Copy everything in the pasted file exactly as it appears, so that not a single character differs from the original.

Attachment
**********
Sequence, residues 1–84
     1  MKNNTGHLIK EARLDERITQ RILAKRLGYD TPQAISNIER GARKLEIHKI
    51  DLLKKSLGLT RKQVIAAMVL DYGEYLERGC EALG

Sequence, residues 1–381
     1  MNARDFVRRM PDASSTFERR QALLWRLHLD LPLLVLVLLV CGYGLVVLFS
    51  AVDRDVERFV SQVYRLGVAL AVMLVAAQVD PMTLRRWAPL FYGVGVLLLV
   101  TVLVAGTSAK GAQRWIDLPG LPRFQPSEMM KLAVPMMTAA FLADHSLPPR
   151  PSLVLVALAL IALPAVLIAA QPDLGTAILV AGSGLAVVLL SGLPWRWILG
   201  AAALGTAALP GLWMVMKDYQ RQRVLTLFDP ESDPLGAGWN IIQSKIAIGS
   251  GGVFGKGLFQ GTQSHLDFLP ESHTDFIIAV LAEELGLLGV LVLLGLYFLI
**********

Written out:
Sequence, residues 1–84
     1  MKNNTGHLIK EARLDERITQ RILAKRLGYD TPQAISNIER GARKLEIHKI
    51  DLLKKSLGLT RKQVIAAMVL DYGEYLERGC EALG

Sequence, residues 1–381
     1  MNARDFVRRM PDASSTFERR QALLWRLHLD LPLLVLVLLV CGYGLVVLFS
    51  AVDRDVERFV SQVYRLGVAL AVMLVAAQVD PMTLRRWAPL FYGVGVLLLV
   101  TVLVAGTSAK GAQRWIDLPG LPRFQPSEMM KLAVPMMTAA FLADHSLPPR
   151  PSLVLVALAL IALPAVLIAA QPDLGTAILV AGSGLAVVLL SGLPWRWILG
   201  AAALGTAALP GLWMVMKDYQ RQRVLTLFDP ESDPLGAGWN IIQSKIAIGS
   251  GGVFGKGLFQ GTQSHLDFLP ESHTDFIIAV LAEELGLLGV LVLLGLYFLI